When I approach Shakespeare, I like to put his plays in a non-realistic context. If people want to see "Much Ado About Nothing" done with realism, they can rent the Kenneth Branagh film and they can certainly rent the new Joss Whedon version, which is in modern dress and completely modern and completely realistic. But to me, that puts walls around what Shakespeare can be. —Matt August, director
Matt August can easily use pop singer Lady Gaga, director Steven Spielberg and playwright William Shakespeare in a single sentence.
“Shakespeare is great entertainment. What Shakespeare was doing on stage is like what Lady Gaga is doing on stage, or like what Spielberg does with films,” the Pioneer Theatre Company director says. “I want people to recognize that Shakespeare was revolutionary. He was a master dramatist. Shakespeare is actually really cool.”
In PTC’s production of “Much Ado About Nothing,” August aims at staging the play in a way that will be widely accessible, a feat that he recognizes is not always accomplished.
“Particularly in American culture, there is a stigma about Shakespeare, and people are somewhat afraid of his plays. And they are afraid of them because of the way they learned Shakespeare in middle school and high school. Somewhere along the way, Shakespeare got a bad rap. Also, there are productions that don’t quite engage the imagination in the way they could,” he says.
“When I approach Shakespeare, I like to put his plays in a non-realistic context. If people want to see ‘Much Ado About Nothing’ done with realism, they can rent the Kenneth Branagh film and they can certainly rent the new Joss Whedon version, which is in modern dress and completely modern and completely realistic. But to me, that puts walls around what Shakespeare can be.”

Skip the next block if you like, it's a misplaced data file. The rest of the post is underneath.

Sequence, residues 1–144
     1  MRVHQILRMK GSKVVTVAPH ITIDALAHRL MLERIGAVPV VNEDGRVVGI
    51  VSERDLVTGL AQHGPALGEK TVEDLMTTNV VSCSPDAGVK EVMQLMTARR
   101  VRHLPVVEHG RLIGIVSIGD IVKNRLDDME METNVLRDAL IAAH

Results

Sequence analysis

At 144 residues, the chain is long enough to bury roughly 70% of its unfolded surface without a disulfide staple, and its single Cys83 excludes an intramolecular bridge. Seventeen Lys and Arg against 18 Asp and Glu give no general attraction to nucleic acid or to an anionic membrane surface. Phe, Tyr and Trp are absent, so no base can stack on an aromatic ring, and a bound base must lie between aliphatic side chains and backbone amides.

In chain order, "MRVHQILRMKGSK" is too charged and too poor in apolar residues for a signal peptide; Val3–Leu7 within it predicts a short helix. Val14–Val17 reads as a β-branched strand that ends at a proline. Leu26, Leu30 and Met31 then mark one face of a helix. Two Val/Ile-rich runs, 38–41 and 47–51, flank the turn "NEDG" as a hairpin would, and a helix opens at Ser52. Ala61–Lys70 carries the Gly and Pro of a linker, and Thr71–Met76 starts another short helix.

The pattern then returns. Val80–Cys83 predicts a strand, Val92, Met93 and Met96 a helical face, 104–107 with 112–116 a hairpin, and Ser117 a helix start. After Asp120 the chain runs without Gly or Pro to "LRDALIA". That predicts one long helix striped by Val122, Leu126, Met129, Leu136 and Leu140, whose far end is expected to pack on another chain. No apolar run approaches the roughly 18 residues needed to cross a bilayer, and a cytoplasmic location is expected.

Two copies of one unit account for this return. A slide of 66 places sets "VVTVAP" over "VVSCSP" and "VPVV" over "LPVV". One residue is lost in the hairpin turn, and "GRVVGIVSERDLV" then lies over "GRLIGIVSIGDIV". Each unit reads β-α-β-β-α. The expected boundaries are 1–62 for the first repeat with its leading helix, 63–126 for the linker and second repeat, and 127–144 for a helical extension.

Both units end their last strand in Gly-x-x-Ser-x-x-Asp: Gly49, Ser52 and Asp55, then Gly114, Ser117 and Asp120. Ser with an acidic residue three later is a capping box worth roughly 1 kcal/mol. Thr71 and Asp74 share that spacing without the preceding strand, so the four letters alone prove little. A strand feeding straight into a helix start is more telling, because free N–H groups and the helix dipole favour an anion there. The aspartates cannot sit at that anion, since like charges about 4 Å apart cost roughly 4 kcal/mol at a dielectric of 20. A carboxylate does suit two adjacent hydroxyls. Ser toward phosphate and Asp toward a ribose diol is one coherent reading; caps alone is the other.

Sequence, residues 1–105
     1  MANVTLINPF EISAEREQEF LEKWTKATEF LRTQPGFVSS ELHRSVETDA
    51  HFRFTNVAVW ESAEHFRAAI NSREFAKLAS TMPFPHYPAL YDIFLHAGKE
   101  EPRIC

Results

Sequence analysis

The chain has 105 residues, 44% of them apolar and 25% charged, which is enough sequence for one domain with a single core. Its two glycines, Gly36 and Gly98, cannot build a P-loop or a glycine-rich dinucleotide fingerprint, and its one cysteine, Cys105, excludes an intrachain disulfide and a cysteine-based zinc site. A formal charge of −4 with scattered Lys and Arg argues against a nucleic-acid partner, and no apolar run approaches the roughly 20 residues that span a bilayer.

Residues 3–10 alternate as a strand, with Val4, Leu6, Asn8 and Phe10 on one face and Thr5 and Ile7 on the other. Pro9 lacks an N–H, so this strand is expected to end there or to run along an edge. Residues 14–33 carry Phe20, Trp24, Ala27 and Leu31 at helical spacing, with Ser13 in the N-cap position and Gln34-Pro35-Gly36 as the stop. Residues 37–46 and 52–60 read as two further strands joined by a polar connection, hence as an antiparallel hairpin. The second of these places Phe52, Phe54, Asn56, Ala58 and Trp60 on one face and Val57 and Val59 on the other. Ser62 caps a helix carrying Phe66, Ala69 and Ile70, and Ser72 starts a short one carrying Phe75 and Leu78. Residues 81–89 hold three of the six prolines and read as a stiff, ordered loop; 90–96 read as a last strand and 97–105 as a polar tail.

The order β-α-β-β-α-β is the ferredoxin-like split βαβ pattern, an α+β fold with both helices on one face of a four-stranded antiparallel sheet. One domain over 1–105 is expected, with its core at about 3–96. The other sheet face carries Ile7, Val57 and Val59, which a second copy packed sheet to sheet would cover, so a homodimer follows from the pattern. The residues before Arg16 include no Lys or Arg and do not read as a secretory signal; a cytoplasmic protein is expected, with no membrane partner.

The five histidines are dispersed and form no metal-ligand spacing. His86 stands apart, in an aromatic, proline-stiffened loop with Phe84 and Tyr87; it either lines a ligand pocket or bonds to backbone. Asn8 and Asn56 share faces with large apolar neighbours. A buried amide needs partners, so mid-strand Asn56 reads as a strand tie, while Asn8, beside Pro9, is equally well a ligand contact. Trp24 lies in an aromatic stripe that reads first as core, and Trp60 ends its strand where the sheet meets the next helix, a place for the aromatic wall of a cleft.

One of the Bard’s best-loved romantic comedies, “Much Ado About Nothing” is about simple misunderstandings that turn into serious accusations, particularly when jealousy and deceit are involved. Two anti-romantic wits, Benedick and Beatrice, who profess to hate each other, are forced by their friends’ trickery to admit their true feelings as they help save the wedding of his fellow soldier Claudio and her cousin, a young girl named Hero.
August says “Much Ado About Nothing” at PTC is staged in a “highly fantastical world,” which he describes as “the Arthurian world meets the fantasy world of Disney princesses.”
While this approach may at first seem unconventional, August’s similar productions have earned critical acclaim.
According to a review in the Los Angeles Times, “The Two Gentlemen of Verona” at San Diego’s Old Globe Theatre “was given a lusciously loopy staging by the inexhaustibly inventive Matt August.”
A reviewer for the Chicago Tribune said, “To my immense astonishment ... director August and Ford’s Theatre have created a very Victorian ‘Christmas Carol’ as different from everything else I’ve seen as the Starship Enterprise is from all the airliners at O’Hare.”
As part of this inventive creativity, August has cast three local youth actors — Mia Bagley, Zoe Heiden and Brigham Inkley — as the bumbling Night Watchmen, roles generally played by adult actors. “The child actors are hilarious and adorable,” August says. “They get all the comedy of the play.”
The guards roam the city to keep order and peace and operate under direction of the clownish constable Dogberry, played by local favorite Max Robinson, who has appeared in more than 100 PTC productions.
The other actors with Utah ties in “Much Ado About Nothing” are Austin Archer, Alexander Eltzroth, Terence Goodman, Amos Omer, Marcella Pereda, Bryce Edward Peterson, Miles David Romney and Marza Warsinske.
If you go ...
What: “Much Ado About Nothing”Comment on this story
Where: Pioneer Theatre Company
When: Feb. 21-March 8
How much: $25-$44 in advance and $5 more when purchased the day of the performance
Tickets: 801-581-6961 or pioneertheatre.org